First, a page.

"I am an openly, proud gay man."
And with those words, Michael Sam became... well... nothing at the moment. He can't rightly be called the first openly gay football player at an FBS school, because he has left college. Nor can he properly be called the first openly gay NFLer, because he has yet to be drafted.
Baring something truly shocking, however, Sam will become the first openly gay NFLer when he is drafted this May. Sure, some anonymous team officials and a vocal minority of Twits (the unwashed masses who use Twitter as a platform to spew any kind of venom) are ripping Sam, but the overwhelming reaction from the media, the NFL, and fans across the country has been positive. Sam is being portrayed as a bold hero who is overcoming longstanding barriers on the road to equality.
But is that picture true? Is Sam the bold hero that he has been portrayed as?
I think not.
It's an unfair comparison, but Jackie Robinson comes to mind. I say unfair, because equating Sam with Robinson implies that race is equivalent to sexuality. To compare the homosexual rights movement to the civil rights movement does a disservice to the likes of Martin Luther King Jr., Rosa Parks, and James Meredith. They could not choose to stop being black. Sexuality,however, does seem to change. Mayor Bill DiBlasio's wife can attest to that.
But putting aside the differences between the civil rights movement and the homosexual rights movement, let's look at Robinson and Sam. Both broke into the major sports league of the time as the first of their kind.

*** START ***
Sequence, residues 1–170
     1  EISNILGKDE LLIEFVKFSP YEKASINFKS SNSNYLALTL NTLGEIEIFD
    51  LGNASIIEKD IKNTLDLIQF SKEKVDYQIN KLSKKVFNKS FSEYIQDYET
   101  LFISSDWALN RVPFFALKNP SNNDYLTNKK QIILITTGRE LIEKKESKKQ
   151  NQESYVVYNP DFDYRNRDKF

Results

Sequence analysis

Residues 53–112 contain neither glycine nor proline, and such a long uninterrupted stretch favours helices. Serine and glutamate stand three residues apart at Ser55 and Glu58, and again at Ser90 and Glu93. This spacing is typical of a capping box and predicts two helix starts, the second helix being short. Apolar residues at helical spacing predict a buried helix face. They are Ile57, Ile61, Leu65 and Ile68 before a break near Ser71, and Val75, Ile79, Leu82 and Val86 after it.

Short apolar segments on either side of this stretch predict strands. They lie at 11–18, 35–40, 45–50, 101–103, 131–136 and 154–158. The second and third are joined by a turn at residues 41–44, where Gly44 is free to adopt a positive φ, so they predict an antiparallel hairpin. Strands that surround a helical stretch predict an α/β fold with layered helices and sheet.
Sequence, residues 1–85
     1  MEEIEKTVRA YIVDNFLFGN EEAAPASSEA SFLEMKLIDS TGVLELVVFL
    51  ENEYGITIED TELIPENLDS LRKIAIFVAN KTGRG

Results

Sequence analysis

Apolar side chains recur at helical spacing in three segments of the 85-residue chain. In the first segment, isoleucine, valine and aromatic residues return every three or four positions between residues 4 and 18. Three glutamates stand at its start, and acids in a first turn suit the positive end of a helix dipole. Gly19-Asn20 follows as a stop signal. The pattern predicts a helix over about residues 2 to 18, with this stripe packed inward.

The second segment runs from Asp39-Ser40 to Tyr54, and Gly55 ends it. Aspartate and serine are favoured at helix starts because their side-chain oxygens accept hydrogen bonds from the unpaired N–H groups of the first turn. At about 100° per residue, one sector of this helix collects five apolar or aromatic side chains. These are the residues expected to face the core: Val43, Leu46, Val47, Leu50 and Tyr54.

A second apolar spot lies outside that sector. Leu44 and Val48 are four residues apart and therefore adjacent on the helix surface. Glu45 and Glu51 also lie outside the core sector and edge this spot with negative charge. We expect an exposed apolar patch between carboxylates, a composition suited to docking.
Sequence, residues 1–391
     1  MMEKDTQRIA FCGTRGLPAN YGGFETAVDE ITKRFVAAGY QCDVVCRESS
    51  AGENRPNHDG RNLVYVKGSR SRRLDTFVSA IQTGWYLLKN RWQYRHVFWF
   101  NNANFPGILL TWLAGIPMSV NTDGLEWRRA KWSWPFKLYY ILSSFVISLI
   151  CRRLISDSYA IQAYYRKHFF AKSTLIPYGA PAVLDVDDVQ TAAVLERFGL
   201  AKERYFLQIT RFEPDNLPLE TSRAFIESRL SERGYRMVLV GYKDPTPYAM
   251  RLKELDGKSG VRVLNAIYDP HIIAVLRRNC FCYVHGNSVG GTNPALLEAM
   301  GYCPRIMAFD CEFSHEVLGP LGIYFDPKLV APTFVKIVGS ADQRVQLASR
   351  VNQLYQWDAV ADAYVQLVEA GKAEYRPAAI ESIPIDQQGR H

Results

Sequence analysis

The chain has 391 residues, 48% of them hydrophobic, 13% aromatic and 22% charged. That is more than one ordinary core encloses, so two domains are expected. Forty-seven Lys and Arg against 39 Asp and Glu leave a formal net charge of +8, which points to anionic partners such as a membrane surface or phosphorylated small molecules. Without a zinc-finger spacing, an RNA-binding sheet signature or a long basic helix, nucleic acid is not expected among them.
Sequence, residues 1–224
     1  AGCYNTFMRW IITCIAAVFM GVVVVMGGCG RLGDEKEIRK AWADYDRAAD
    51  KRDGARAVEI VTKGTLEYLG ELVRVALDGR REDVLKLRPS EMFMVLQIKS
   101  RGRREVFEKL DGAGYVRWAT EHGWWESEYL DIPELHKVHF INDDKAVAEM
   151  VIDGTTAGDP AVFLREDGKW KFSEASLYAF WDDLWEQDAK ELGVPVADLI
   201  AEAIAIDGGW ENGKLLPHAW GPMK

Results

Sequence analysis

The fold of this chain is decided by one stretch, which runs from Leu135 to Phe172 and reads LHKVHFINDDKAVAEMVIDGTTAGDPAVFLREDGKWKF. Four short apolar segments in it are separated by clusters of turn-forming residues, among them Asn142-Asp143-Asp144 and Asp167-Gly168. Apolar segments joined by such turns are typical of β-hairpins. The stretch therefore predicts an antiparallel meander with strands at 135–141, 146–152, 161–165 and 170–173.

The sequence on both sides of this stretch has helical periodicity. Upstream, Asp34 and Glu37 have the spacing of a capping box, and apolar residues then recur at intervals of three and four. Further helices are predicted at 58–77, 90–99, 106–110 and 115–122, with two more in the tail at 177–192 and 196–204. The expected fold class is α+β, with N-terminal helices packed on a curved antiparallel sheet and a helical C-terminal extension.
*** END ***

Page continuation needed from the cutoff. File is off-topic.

The differences are much greater than their similarities though. For a while, Robinson's team had a hard time accepting a black teammate. According to himself, Sam's teammates at Missouri had no animosity towards him. The fans booed (to put it much too politely) Robinson vociferously. The comments thread of an ESPN.com article (a notoriously hateful comment section) about Sam's announcement elicited much praise for him coming out and excitement over his draft stock.
Sam will certainly experience some heated hate, but the volume of that hate will pale in comparison to the bile that Robinson faced. Robinson heroically overcome the bigotry of his generation. Sam? He simply rode the cultural tide of commending homosexuality to the primetime spotlight.